Mary Kathryn Burnside: Queen of Clash

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Mary Kathryn Burnside: Queen of Clash

Mary Kathryn Burnside always has been more into the “art side” than the “retail side” of the business she opened in 2011 at age 28.

“My passion is art and events and helping artists get their stuff out there,” said the owner of Clash Dayton at 521 E. Fifth St. in Dayton’s Oregon District.

Over its nearly four years, Burnside’s vision has transformed Clash into an Oregon District destination for art and fashion shows, outsider art and gifts as well as vintage and new attire and accessories.

Born in Morgantown, W.Va., and raised in Clarksburg, W.Va, Burnside moved to Dayton to study at the Ohio Institute of Photography and Technology.

She quickly became a part of the arts scene. She was a bartender and/or booked acts for the Therapy Cafe and the former Night Owl and Sidebar.

Burnside, whose image is featured on Warped Wing’s Gypsy Queen beer, helped found LadyFest Dayton, a local female music and art festival, and c{space, a defunct creative incubator that emerged from the DaytonCreate initiative inspired by urbanist Richard Florida.

C{space featured bands “that didn’t necessarily get booked at other venues,” Burnside said. “It was a neat place. I still miss it.”

Despite its popularity, C{space folded after its building, 20 N. Jefferson St, Dayton, was rented to the owners of The Vault. MJ’S Cafe now operates in that space.

Shortly after C{space closed, Burnside, then a entrepreneurship student at Sinclair Community College, seized the opportunity to open Clash Consignment when an opportunity presented itself at 113 E. Third St. in August 2011.

Back then, she told me the store all but named itself.

“I was in the store and I said ‘nothing in here matches. Everything in here clashes’,” she said in 2011.

Burnside jumped at the opportunity again when her current location became available in the Oregon District.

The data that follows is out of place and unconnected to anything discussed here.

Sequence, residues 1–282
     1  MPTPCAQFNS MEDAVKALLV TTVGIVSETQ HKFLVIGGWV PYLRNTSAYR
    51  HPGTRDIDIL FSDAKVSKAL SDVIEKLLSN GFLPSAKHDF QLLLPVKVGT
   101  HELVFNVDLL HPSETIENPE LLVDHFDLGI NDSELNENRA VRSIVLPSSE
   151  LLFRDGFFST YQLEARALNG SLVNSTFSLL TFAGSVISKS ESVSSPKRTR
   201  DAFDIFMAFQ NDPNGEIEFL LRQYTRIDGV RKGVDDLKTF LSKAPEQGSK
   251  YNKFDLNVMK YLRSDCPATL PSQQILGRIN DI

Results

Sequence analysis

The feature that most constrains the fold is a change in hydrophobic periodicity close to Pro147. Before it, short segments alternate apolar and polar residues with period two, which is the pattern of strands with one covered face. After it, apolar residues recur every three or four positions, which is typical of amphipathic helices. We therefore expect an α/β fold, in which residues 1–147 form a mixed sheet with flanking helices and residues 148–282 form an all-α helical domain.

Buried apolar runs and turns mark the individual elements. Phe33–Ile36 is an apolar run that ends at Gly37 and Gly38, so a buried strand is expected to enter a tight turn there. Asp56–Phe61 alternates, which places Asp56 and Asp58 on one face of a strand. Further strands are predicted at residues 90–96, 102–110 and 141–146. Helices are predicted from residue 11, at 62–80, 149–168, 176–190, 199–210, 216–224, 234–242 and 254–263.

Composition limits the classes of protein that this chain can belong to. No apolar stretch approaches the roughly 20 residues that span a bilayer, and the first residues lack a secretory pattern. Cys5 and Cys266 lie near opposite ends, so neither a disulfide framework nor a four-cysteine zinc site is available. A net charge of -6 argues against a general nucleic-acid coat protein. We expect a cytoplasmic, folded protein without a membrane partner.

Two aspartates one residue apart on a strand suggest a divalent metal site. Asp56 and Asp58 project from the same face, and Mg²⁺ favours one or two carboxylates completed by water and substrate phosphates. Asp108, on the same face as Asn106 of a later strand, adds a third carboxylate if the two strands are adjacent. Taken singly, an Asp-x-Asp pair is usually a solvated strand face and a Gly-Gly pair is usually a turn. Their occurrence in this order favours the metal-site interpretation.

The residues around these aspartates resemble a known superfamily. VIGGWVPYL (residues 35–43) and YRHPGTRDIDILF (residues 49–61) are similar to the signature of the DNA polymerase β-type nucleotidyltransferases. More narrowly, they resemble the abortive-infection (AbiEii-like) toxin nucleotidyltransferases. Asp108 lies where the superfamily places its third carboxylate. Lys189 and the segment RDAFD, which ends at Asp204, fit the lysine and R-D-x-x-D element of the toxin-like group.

“I said ‘hell yeah’,” she said.

Nearly four years later, the business has drifted away from consignment, which Burnside said took her away from her focus.

I was a lot of work.

“People just show up with bags of stuff, and they would get upset and offended when you don’t take them,” she said. “It takes away from other stuff I have to do.”

Clash has become known for its art and fashion shows that feature locally produced works, handmade items and merchandise from local shops.

The space also serves as an art gallery for the works of artists like Robert Walker, whose work includes “mermaids, vampire bats, dark fairy tails and the ever-growing collection of creatures.”

As a gallery, Clash also features locally produced works from dark, outsider and fine artists.

The Pseudosect Art Show Closing Party for Mike Guidone and Mike Betts is set for 5-10 p.m. Feb. 28., both artists’ birthday.

More than 30 local artists will present works for Clash’s March First Friday show “Exhibition 8X10” from 5-10 p.m. March 6.

The clothing at Clash also has evolved.

Sourpuss, Voodoo Vixen, Jawbreaker, Folter, Switchblade Stiletto and Too Fast are among the ready-to-wear lines the shop carries.

The lines are like Clash itself.

“There are lines of clothing that you cannot find anywhere else in Dayton,” Burnside said.

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